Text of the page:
Now, that is not to say that I can’t roll with change when it happens, because I can, and do, on a daily basis. But that does not mean I am thrilled about it. I simply don’t love it.
Some changes I can totally get behind, though.
The recent time change is one of those things. I am a big fan of that! No, I don’t love that it is dark at 5 o’clock in the afternoon, but I DO love that it is beautifully bright and shiny at 6:50 a.m. when I am driving my daughter to school! It really does something for me.
I also love to see my kids grow and change.
Jacob, nearly 18 and a home school senior this year, went to a PARTY this weekend. If you’ve been around here for any time at all, you know that Jacob has Asperger’s Syndrome, which is part of the autism spectrum, and he is not a super social guy. So, to say that he went to a party, well, that is saying a mouthful! He has come so far.
Four years ago, due to his severe sound sensitivity, there is no way he would have gone to that party.
No way, y’all.
But my Jacob of today, my child who has worked so hard to grow into the young man he is now, decided he would go. So, I dropped him off there. And when the Hub and I arrived to pick him up, he was standing around the bonfire with about six other teenagers. Laughing. Talking. You know, doing regular teenager-y things.
As we walked up, one of the girls saw us and said, “Oh, no, you don’t have to go now, do you, Jacob?” <secret mother smile here> We did not leave right away and as we stood around, we watched one of the girls tossing marshmallows in the air for Jacob to catch. We watched one of the other boys jam a crazy number of marshmallows in his mouth just to see how many he could get in there, while all the other kids were egging him on and cracking up. And while he’s doing that, in my mind, I’m trying to figure out how I would clear his airway when it got blocked with all those marshmallows. <Oh, so THIS is what typical teens act like? Okay, then.> Jacob had a great time.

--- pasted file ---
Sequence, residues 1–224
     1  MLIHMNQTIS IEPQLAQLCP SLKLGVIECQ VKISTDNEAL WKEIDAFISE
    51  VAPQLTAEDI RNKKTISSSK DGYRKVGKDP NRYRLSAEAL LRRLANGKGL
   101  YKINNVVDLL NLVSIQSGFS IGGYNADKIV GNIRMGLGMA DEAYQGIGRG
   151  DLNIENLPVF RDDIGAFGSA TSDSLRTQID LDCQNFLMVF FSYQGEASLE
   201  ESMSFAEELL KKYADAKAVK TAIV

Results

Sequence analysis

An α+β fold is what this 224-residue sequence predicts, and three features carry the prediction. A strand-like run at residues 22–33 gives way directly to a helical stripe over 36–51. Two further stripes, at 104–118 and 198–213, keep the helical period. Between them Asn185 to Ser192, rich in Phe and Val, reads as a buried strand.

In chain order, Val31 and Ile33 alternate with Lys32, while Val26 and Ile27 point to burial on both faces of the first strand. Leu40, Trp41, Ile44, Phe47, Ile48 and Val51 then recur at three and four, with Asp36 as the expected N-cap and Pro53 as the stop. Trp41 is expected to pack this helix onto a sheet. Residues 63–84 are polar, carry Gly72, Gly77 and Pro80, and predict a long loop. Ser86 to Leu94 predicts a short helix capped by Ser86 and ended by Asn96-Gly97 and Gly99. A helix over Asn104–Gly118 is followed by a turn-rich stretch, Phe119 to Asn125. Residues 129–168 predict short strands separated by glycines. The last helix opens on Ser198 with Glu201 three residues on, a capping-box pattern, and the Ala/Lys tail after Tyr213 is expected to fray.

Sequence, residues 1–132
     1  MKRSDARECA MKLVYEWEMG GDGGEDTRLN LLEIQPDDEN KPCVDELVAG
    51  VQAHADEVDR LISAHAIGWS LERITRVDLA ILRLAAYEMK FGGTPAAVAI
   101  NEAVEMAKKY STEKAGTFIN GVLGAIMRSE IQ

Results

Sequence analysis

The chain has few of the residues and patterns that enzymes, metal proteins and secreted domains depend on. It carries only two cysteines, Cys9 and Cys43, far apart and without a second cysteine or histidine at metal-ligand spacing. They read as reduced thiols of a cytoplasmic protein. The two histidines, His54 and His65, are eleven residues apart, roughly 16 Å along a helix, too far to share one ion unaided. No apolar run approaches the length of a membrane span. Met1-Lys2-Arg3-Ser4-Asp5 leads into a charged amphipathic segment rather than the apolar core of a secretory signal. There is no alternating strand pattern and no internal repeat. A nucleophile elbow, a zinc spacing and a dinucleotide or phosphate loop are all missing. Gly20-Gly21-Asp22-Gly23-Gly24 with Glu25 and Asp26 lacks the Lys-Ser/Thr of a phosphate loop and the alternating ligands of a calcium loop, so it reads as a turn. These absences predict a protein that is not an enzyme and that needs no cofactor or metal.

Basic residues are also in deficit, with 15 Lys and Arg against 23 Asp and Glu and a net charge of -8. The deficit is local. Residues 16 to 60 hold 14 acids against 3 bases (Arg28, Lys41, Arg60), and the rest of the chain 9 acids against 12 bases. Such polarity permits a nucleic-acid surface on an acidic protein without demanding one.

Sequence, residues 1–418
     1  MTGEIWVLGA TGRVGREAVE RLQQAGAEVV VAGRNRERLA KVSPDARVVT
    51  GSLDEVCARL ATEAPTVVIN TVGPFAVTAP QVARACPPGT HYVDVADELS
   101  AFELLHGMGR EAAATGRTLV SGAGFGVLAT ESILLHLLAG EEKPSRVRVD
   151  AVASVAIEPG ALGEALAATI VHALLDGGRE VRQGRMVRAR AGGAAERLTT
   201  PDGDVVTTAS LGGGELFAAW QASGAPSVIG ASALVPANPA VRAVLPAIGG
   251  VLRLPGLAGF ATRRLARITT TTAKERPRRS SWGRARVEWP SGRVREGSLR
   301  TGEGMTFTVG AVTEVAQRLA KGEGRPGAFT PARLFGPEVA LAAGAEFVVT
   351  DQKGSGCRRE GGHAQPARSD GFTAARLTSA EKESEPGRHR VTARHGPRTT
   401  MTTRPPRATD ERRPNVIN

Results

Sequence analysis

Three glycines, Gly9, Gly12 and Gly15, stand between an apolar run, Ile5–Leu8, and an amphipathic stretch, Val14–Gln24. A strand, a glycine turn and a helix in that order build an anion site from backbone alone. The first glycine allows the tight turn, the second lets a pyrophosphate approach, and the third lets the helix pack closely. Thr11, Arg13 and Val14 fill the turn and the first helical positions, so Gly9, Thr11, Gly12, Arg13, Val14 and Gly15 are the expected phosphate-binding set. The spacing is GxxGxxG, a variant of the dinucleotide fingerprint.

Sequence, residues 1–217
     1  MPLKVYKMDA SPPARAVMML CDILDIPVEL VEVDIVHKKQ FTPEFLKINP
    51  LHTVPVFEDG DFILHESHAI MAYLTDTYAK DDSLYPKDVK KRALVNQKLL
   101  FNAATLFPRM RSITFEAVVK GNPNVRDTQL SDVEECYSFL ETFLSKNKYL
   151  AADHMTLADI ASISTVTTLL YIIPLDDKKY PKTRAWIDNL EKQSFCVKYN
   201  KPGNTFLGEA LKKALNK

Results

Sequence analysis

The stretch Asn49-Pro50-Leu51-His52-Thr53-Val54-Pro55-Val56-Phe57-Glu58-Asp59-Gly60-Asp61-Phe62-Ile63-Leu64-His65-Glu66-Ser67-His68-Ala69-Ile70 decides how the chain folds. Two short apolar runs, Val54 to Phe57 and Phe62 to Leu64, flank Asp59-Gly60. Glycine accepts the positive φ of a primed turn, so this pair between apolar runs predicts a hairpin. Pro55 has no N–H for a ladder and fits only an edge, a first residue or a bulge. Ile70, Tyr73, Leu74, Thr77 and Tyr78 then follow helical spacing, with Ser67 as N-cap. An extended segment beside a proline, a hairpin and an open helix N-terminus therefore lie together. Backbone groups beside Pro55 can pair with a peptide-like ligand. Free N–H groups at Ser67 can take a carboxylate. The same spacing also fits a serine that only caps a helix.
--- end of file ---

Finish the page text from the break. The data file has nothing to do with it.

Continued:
Today, I got an email from Jacob’s doctor: the amazing woman, who is a child/adolescent psychiatrist, and one of the instruments God has used to help Jacob deal with his anxiety and sensory challenges. She was just checking in and wondering if we might schedule a yearly appointment with her.
What? It’s been a year since we saw her? No, wait, it’s been more than a year, in fact. Things have changed that much. Things are going that well that we haven’t even thought about needing to go visit her.
In her email, she said this about Jacob: “I use his success as an example when I am talking to folks that have hearing sensitivity.”
Jacob’s story could possibly encourage another person who is suffering like he was? God-willing! Yes!
My heart is filled with so much gratitude. Thank You, Lord! Thank You for using this thing, which was so horrible for Jacob and for our family in those darkest of moments, to give hope and encouragement to someone else!
Thank God that He allowed us to find this doctor who was able to help us—not just Jacob, but our whole family.
I am so thankful that Jacob persevered and went to go do those hard and scary things so that he could get through them, and then each time he did go to Wal-mart, or a movie, or a restaurant, or the fair, or classes at the co-op without earplugs, it got progressively easier.
I am so thankful that, by the grace of God, I have been able to step away and let some of those hard and scary things happen. MAN, that is so, so hard! Just call me El Presidente…that is, Presidente of the Helicopter Moms Society! Yes, it was hard to take a (huge) step back. But so worth it. And it gives me so much hope for the future for my son.
There was a time when I could never imagine that Jacob would be where he is today. Oh, I never lost hope and I believed it could be, but I could not imagine it.
And yet, here we are.
Yes, change is good. I can’t wait to see what is next.
“Man cannot discover new oceans unless he has the courage to lose sight of the shore.” -Andre Gide